- Bringing service design and service management together to build change in a data-driven society
In your final project, you will be able to apply your learning in depth to a domain, issue or concern which drives you. It could be based on your own personal or professional interests, defined by your employer, sponsored by one of EFI’s industry, government or community partners, or aligned to one of our research programmes.
You can submit your final project report as a written piece of work, or combine text with other forms as appropriate – for example, video, visualisation, a digital artefact, performance, code.
You will provisionally identify your project topic relatively early on in the programme, and work on it in parallel with the taught courses. We expect projects to take an interdisciplinary approach which connects with the creative, data and future-oriented nature of the EFI core.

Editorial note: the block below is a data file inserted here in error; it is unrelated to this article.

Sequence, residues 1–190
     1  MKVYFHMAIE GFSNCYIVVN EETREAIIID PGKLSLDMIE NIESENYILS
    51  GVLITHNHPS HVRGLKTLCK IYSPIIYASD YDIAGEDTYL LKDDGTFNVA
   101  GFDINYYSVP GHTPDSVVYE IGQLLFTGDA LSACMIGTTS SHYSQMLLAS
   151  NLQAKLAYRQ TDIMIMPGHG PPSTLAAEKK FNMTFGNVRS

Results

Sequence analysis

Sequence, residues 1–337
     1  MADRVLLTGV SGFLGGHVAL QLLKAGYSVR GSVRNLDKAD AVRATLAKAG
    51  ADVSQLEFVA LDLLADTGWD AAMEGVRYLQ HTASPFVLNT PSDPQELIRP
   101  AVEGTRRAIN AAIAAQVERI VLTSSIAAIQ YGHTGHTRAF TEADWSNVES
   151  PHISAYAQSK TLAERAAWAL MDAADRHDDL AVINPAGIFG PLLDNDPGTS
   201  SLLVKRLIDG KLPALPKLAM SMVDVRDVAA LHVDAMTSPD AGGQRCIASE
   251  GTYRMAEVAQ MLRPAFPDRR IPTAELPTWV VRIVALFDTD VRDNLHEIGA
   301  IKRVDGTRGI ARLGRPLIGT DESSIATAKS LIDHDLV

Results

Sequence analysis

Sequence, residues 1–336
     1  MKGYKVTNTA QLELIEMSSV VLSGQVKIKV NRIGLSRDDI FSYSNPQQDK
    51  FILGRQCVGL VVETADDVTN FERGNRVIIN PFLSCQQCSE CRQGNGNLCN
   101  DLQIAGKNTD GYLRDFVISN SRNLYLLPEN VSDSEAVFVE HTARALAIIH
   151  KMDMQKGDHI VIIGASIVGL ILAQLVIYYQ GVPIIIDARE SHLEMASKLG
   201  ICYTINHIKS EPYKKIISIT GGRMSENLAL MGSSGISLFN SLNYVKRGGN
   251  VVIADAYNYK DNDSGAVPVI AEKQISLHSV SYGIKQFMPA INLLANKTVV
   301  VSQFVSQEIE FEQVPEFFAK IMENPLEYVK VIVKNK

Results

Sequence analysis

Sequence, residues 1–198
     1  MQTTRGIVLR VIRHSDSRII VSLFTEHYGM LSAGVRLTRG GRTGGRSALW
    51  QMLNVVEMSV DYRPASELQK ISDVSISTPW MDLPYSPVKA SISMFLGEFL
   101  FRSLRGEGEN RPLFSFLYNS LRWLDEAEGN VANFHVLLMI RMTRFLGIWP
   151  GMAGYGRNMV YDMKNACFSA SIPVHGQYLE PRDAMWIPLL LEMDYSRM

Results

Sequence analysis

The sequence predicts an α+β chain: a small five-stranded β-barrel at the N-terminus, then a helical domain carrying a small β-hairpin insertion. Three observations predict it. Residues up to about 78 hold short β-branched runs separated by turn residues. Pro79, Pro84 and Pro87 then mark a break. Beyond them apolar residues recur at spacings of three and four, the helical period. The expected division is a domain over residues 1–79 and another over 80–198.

Part-time and full-time options
Full-time students on the programme take these courses in one year. Part-time students take the same courses as full-time students, over either two or three years:
- for the two-year version, students take 80 credits of courses in year one and 100 credits (including the project) in year two
- for the three-year versions, students take 120 credits of courses over years one and two (with up to 80 credits per year in each year), and then take the project (60 credits) in year three
Postgraduate Certificate or Postgraduate Diploma